Behind-the-scenes at NBA on TNT with inside access on Shaquille O’Neal and Charles Barkley’s antics on live TV set

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SHAQUILLE O’Neal enters the Inside the NBA studio and snatches one of the nearby basketballs, betting Kenny Smith $100 he will hit a baseline jumper.

Shaq doesn’t miss. Smith loses. It’s just minutes before the show comes back on at halftime during a Tuesday clash between the Oklahoma City Thunder and San Antonio Spurs.

Inside the NBA has returned for another season of on-air antics from Shaquille O’Neal and Charles BarkleyRalf Nowak/TNT Sports
Ralf Nowak/TNT Sports
The U.S. Sun has visited TNT’s studios in Atlanta, Georgia, where Inside the NBA is produced[/caption]
Ralf Nowak/TNT Sports
The tour included a behind-the-scenes look at the Inside the NBA crew live during a halftime show on November 14[/caption]

The casual wager is just a glimpse of the chemistry that is almost palpable on the set, The U.S. Sun observes during a tour around Warner Bros. Discovery studios in Atlanta, Georgia, on November 14.

The star-studded Inside the NBA cast, featuring Barkley and Smith as well as Shaquille O’Neal and host Ernie Johnson, has fun both on and off the air.

At the same time, they constantly challenge one another, be it to make an unlikely shot in the studio – Shaq drained just one 3-pointer in his NBA career – or come up with a clever remark during the show.

“We still compete against each other – to have more information, to be funnier, to be more intuitive, to be a better listener, a better talker,” Smith says in an interview after the halftime segment.

“We compete with each other at the same time as we know that we elevate each other, and we know that we can’t do it without the other.”

That mix of competitiveness and playfulness emanates from every corner of WBD’s 300,000-square-foot Techwood campus.

Odd moving shapes appear on one of the small screens showing a live feed of Studio J, the home of Inside the NBA, as a small group of reporters invited by TNT arrives in the control room about 40 minutes before the Spurs-Thunder halftime show begins

It turns out it’s members of the studio crew doing pushups and squats to keep themselves nice and warm before O’Neal and Co. return.

They race to 100 reps, WBD Sports technical directors explain, a tradition that started during one edition of March Madness, a hectic tournament that can keep the production facility operating at full speed from midday to about 2 am.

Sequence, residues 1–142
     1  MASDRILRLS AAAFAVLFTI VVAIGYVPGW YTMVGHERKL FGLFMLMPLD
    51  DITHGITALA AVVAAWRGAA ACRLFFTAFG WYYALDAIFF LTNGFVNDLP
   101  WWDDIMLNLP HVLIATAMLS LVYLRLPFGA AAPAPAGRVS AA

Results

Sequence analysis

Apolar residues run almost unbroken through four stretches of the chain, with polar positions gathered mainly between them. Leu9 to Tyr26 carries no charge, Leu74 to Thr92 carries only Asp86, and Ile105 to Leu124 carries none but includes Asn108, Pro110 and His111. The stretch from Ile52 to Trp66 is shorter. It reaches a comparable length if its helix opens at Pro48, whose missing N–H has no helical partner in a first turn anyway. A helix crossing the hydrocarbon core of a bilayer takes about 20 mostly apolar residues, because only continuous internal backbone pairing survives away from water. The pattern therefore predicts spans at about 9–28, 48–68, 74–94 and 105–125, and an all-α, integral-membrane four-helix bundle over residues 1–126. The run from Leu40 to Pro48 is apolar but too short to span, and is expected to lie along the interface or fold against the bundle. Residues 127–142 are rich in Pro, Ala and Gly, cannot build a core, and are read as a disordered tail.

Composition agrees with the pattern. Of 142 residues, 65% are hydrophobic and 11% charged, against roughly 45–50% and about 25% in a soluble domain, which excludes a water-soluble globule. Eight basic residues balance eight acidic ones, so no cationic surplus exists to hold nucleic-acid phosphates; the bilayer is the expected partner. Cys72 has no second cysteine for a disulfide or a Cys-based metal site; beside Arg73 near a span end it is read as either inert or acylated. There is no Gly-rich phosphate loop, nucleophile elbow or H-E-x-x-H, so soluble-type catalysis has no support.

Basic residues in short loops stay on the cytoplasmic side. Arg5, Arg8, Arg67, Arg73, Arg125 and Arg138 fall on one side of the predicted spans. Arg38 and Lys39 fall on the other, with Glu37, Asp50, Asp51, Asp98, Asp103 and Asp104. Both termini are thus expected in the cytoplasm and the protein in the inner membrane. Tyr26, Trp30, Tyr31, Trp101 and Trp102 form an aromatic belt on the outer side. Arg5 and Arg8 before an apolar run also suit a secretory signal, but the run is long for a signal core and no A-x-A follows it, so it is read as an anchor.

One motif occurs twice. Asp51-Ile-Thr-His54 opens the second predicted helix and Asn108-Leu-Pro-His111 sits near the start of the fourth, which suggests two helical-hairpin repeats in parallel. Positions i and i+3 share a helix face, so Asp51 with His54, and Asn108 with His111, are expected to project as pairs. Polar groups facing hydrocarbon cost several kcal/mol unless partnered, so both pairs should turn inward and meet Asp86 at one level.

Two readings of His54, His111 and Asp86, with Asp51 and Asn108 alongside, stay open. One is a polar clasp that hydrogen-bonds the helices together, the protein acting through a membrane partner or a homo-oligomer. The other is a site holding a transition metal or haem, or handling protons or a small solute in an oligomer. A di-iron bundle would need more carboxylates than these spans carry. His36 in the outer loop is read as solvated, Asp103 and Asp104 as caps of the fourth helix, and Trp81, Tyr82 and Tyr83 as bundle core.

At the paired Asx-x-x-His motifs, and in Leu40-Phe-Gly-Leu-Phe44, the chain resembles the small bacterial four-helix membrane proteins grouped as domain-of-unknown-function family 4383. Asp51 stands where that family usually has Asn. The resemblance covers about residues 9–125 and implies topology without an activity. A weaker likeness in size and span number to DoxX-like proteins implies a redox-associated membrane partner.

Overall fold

When it comes to the Inside the NBA, the work starts around four hours before the show begins at 7 am on Tuesday.

But O’Neal, Barkley, and Smith don’t take their custom-made seats until just before the show starts.

“They’ll show up five minutes before we go to air, or however long it takes them to get powder and put their jackets on,” Warner Bros. Discovery sports executive vice president and chief content officer Craig Barry says.

Only Johnson attends production meetings, going through the loose format of the show and the pre-planned elements that O’Neal, Barkley, and Smith only see for the first time while on air.

It’s Inside the NBA’s “non-secret sauce,” Barry explains, causing the analysts to give their authentic – often emotional – reactions to the stories and highlights featured on the day.

“They have no idea what’s coming at them next and we throw them curveballs all the time,” Barry says. “That is kind of the controlled chaos of the show, which makes it special.”

It adds the much-desired authenticity to the show, Smith adds.

“It’s real conversation. It’s real dialogue,” Smith said.

“You see Shaq who Shaq is. When he’s mad at Chuck, he’s really mad. He didn’t have a segment to practice it and get mad, and then calm down and do the segment.

“No. He’s mad in that moment. [Or] he’s happy in that moment. I think that’s what separates us.”

The on-air talent and the production team have a lot of trust in each other, Smith says, as well as a great degree of understanding of each other’s strengths and weaknesses.

O’Neal sank a baseline jumper to win a $100 bet with Smith a few minutes before the halftime show startedDamian Burchardt / The U.S. Sun
Ralf Nowak/TNT Sports
O’Neal (left) is the most recent addition to the Inside the NBA crew, joining the show in 2012[/caption]

Those translate into specific roles the analysts perform on the show.

“Shaq comes up with most of the stuff when it comes to hardcore slapstick comedy,” Smith explains.

“The controversy always – 99 percent – comes from Chuck.”

Smith’s job is to explain to the viewers why O’Neal – the most recent addition to the crew, who joined in 2012 – and Barkley feel they feel they do on certain subjects, the two-time NBA champion continued.

“I’m the team psychologist and Ernie is the overall referee – he’s there to make sure that it all just moves.”